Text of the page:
Published April 24, 2017 by the Asbury Park Press
NEPTUNE CITY – Michael Stern bowed his head and wiped his eyes in the Freehold courtroom as the accomplice in his 19-year-old daughter’s killing confessed to helping dispose of her body.
Preston Taylor, 19, of Neptune, pleaded guilty Monday to six crimes in connection with Sarah Stern’s killing, acts prosecutors say he committed for a $3,000 cut of money stolen from her, a total of about $10,000.
“You heard what they said, it was all about money,” Michael Stern told the Asbury Park Press on his Neptune City front porch on a chilly spring afternoon. “And a few thousand dollars. Picture somebody you love and care about – either a son, a daughter, sister or brother, mother, father – and think about them being killed over a few thousand dollars. Not an accident – this is how you’re going to hide the robbery, by killing somebody.”
“A few thousand dollars,” he said again, his voice low, trailing off.
Stern expected the indictment that was issued Monday against Liam McAtasney, 19, of Neptune City, the man accused of strangling and robbing Stern’s daughter. But Stern also watched as Taylor confessed to his crimes, filling in more details about what happened to his only child.
“It makes me sick,” he said. “I was having a tough time in the courtroom, hearing that stuff out of the person that did it.”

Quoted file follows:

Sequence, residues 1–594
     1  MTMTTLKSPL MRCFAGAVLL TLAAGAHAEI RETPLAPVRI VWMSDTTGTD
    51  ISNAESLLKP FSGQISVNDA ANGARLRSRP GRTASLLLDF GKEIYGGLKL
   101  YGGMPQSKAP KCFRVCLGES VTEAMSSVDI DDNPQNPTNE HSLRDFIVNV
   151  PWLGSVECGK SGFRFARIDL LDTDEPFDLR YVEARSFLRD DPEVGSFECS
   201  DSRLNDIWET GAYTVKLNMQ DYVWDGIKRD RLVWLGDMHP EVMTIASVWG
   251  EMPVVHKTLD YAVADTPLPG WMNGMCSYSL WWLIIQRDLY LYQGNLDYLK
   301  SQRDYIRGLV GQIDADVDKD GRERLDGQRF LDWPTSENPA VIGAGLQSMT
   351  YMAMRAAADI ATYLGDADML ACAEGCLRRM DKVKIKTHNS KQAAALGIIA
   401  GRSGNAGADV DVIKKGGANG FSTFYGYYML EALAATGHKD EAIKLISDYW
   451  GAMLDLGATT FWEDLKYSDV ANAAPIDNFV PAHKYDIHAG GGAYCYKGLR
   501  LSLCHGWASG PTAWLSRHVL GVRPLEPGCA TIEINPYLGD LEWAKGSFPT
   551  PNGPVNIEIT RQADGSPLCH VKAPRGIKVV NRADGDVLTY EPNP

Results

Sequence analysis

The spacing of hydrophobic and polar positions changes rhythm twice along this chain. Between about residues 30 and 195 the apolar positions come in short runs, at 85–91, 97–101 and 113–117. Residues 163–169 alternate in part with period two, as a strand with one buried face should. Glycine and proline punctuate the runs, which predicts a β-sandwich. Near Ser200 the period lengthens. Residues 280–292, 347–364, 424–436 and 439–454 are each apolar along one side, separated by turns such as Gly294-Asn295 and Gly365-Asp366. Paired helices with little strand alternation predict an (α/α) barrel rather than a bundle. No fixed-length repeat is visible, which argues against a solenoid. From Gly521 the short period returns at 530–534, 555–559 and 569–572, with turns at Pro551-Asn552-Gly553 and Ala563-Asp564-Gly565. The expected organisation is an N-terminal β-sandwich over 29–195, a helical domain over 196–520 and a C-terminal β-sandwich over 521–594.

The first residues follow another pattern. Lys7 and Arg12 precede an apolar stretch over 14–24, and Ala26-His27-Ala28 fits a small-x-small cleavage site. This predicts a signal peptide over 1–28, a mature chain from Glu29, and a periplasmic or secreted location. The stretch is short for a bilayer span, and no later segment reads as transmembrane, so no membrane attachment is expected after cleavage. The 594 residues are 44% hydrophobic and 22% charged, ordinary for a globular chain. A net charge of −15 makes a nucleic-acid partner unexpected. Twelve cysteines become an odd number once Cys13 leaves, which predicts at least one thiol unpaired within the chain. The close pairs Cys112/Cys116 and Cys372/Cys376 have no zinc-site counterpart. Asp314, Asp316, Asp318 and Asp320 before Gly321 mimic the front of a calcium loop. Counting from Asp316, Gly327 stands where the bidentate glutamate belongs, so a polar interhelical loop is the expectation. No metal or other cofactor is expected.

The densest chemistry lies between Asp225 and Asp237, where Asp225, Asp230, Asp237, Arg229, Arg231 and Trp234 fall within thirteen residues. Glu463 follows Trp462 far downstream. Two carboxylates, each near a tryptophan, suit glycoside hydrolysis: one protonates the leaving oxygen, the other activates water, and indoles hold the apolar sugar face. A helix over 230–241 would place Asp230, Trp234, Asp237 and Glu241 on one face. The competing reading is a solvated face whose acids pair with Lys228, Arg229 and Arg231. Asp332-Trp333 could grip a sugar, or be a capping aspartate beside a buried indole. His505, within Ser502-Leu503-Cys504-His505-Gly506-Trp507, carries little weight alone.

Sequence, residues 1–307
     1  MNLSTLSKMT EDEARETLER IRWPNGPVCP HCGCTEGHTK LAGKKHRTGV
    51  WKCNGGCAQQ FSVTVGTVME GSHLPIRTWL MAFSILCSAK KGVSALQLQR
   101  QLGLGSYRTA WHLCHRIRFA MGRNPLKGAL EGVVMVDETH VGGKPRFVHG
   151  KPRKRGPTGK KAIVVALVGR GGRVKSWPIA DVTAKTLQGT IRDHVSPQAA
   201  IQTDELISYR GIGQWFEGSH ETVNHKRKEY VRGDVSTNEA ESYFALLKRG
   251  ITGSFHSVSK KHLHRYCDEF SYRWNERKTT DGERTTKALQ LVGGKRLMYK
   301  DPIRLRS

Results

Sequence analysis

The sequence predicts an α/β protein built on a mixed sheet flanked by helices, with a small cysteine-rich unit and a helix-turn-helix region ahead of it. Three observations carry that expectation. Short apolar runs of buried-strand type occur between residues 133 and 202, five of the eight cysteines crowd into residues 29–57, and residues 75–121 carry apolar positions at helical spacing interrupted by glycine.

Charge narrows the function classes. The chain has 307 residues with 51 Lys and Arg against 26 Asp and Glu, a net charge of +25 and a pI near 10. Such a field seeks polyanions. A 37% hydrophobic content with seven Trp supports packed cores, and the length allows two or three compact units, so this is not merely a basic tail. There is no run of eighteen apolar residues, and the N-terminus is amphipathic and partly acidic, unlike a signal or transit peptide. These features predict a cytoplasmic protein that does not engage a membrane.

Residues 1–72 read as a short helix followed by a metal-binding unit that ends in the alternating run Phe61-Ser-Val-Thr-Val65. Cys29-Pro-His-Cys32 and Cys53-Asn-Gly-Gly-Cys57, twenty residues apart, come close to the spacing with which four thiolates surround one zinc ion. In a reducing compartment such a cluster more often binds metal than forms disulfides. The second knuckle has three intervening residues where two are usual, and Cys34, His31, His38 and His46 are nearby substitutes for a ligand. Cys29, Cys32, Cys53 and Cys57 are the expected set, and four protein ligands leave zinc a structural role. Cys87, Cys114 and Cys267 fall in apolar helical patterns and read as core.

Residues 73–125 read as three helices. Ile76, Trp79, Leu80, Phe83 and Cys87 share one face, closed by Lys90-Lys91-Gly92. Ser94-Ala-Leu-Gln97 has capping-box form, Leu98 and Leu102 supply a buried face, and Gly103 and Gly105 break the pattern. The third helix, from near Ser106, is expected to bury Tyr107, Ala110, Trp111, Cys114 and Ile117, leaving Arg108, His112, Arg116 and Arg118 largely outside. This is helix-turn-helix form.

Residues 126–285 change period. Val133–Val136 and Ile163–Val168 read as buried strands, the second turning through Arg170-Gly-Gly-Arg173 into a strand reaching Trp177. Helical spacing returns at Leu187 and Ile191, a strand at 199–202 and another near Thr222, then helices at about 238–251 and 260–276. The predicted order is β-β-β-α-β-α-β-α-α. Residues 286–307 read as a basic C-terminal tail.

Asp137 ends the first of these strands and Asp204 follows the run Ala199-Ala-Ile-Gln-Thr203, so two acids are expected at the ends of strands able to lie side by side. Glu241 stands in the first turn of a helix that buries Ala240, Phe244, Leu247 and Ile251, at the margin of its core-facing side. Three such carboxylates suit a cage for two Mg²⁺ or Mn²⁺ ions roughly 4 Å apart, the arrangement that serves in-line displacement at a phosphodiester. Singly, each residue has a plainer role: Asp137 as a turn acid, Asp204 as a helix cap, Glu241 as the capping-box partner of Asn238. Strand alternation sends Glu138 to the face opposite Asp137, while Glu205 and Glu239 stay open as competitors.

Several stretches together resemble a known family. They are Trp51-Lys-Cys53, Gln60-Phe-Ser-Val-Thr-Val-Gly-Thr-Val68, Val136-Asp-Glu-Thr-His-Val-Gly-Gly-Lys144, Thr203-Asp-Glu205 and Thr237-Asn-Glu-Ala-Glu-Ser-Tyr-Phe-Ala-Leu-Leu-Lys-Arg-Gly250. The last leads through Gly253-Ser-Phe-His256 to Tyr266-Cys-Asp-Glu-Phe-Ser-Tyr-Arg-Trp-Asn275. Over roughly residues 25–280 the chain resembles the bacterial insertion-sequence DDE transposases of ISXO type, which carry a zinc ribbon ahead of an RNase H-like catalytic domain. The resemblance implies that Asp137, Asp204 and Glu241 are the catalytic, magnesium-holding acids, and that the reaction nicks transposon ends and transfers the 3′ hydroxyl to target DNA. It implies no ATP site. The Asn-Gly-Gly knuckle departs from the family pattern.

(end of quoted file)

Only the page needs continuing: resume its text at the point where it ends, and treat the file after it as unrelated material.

Sarah attended Neptune High School, along with Taylor and McAtasney, graduating in 2015. She loved engaging with YouTube personalities and attended conferences for fans of online video in New York City, Anaheim, California, and Toronto.
Stern said an art guild in Shrewsbury is preparing a show featuring Sarah’s work, from movie props to pencil sketches. She was featured at the guild in her senior year of high school for a mixed media piece and participated for a few years in the teen arts festival at Brookdale Community College, Middletown.
Stern said he would like to organize a scholarship in Sarah’s name for students of the arts.
Sarah’s remains haven’t been recovered, stalling plans for a funeral, but Stern said he hopes to hold a memorial to celebrate Sarah’s life.
Stern carries on, but handling the grief hasn’t gotten easier.
“It becomes kind of a melancholy thing where you’re glad for the memories, but sad for the loss,” he said.
“I know nothing that we say or do can ever bring Sarah back,” Stern said. “You know, we try to keep her spirit alive.”
After Taylor entered his guilty pleas, Stern left the courtroom leaning on the shoulder of a woman with the Monmouth County Prosecutor’s Office. They packed into an elevator among other officials. He bowed his head as the doors slowly closed.